(Image from Barnes & Noble)
Back in June, I was taking a college class on family history and was given an assignment to research an ancestor by taking a close look at the time and place in which they lived. One of the methods we could use was to read biographies of famous people who were contemporaries (both in time and place) of said ancestor. Since my great-great grandfather was born in England less than 20 years after Charles Dickens, I thought it would be intriguing to study up on the well-known novelist. After reading reviews of a number of biographies, I chose Charles Dickens: A Life by American novelist Jane Smiley. At just over 200 pages, it's a short but fascinating portrait of one of the most influential men in the history of English literature.
Born on February 7, 1810, Charles was the second of eight children. His father, a clerk for the Navy Pay Office, was an unscrupulous debtor; when he was imprisoned, Charles had to quit school and work long, grueling hours in a factory to support the family. This humiliating experience made a lasting impression on Charles, who spent his life championing the poor and unfortunate.
Despite his low-class background and lack of education, Charles became an almost instant success in the literary world. While working as a parliamentary reporter, Charles published his first sketch in 1833 at 21 years old. This and subsequent sketches were unique in that they featured characters and scenes from the lower classes of London society. Despite the less than highbrow subject matter, Charles' sketches were well-received. They, along with later writings, proved him to be a keen observer, a philosopher, and a man who knew how to keep readers enthralled. He went on to pen 15 novels, as well as numerous letters, plays, etc. A tireless writer and editor, Charles was also a social commentator, an activist, and a philanthropist. His work, which was popular in his day, continues to be relevant in ours. Many modern readers adore Dickens, especially his iconic holiday story, A Christmas Carol. The beloved author died June 9, 1870, in Kent.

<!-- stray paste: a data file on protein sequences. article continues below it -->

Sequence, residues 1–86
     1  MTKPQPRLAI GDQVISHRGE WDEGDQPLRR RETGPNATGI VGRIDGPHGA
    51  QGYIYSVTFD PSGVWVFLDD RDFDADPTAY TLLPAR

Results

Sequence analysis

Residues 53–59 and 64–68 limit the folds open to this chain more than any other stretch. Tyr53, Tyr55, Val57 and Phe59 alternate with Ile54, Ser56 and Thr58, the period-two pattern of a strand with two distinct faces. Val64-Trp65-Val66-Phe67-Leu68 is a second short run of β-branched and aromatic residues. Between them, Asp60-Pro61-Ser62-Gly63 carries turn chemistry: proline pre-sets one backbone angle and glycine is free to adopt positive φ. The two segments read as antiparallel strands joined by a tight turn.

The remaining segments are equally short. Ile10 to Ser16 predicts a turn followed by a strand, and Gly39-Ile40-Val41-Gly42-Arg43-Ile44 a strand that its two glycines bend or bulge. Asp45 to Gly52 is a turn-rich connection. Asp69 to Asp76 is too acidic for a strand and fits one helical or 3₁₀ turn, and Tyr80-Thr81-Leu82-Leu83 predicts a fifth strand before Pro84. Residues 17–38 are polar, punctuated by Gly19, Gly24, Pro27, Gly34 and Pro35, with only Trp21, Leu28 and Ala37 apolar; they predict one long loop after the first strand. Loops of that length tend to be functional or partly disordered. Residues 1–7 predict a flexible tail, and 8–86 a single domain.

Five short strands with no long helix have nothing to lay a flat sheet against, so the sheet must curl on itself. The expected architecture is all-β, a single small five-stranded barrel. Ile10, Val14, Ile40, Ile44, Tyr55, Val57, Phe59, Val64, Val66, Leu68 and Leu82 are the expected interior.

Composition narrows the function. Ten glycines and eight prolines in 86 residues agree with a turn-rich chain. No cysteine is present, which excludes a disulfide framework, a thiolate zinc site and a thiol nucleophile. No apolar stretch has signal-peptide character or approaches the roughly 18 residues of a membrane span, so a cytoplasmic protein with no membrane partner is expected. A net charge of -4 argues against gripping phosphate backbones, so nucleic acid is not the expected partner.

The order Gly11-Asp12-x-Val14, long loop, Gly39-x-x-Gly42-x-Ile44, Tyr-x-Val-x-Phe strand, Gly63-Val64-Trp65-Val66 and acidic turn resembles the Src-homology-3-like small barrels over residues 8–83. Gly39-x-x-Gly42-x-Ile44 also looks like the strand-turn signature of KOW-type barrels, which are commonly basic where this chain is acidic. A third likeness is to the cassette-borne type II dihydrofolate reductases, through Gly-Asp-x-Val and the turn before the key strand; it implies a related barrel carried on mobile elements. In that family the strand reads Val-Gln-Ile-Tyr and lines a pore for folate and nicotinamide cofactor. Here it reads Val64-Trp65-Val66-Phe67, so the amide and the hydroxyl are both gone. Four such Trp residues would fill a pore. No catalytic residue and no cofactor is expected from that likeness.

Charles Dickens: A Life draws an intimate, intriguing picture of the acclaimed author. Although I think I would have preferred a more linear biography, I did enjoy the way Smiley dissected his various works, showing how they were influenced by what was happening in Dickens' life at the time. Charles Dickens: A Life is not exactly a page turner, but it does make for an interesting read. Overall, I enjoyed it and learned a great deal about a colorful, complex man.
(Readalikes: Hm, I can't think of anything. Can you?)
If this were a movie, it would be rated:
for brief, non-graphic references to sex and prostitution
To the FTC, with love: I bought a copy of Charles Dickens: A Life from Amazon with a portion of the millions I make from my lucrative career as a book blogger. Ha ha.